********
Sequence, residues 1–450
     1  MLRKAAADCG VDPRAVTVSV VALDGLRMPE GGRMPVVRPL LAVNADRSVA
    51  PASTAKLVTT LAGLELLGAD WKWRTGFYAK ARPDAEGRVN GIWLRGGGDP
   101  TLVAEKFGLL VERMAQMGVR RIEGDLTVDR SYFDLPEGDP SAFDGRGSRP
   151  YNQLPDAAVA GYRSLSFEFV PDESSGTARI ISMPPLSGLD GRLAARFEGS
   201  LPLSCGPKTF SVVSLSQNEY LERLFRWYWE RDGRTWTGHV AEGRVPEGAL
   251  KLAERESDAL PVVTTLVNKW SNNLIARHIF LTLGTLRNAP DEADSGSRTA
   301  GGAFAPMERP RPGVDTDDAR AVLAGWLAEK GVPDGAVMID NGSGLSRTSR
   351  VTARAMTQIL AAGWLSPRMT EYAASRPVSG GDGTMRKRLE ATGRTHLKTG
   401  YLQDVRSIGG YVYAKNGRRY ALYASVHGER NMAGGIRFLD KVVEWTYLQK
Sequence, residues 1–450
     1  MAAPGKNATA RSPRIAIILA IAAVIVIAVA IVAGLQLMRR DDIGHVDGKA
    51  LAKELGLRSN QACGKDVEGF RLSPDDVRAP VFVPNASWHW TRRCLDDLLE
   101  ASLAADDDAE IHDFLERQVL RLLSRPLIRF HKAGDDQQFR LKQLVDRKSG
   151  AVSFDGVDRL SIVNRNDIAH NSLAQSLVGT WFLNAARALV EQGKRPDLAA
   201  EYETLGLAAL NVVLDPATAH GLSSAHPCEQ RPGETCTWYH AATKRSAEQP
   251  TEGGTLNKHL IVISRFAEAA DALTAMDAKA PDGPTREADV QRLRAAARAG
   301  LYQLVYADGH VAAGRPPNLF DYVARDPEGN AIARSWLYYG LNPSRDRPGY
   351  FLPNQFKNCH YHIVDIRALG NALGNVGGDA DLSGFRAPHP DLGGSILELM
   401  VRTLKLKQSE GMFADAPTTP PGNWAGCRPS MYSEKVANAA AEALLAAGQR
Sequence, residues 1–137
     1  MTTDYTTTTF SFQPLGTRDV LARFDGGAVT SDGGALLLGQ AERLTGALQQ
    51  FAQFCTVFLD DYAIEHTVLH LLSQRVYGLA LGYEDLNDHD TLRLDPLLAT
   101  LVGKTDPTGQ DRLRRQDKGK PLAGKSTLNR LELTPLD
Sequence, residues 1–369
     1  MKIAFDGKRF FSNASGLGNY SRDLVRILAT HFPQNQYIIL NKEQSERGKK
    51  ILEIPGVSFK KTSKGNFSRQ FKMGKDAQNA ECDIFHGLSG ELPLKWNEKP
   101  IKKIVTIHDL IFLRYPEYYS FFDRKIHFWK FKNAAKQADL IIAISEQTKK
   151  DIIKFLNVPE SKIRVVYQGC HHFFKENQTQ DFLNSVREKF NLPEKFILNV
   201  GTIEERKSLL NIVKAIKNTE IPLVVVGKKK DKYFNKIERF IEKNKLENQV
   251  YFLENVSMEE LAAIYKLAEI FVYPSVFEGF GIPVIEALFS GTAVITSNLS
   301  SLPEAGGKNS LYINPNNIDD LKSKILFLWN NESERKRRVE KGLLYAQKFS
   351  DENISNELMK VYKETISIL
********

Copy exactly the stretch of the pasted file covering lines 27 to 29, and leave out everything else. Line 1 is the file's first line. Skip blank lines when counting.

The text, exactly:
    51  ILEIPGVSFK KTSKGNFSRQ FKMGKDAQNA ECDIFHGLSG ELPLKWNEKP
   101  IKKIVTIHDL IFLRYPEYYS FFDRKIHFWK FKNAAKQADL IIAISEQTKK
   151  DIIKFLNVPE SKIRVVYQGC HHFFKENQTQ DFLNSVREKF NLPEKFILNV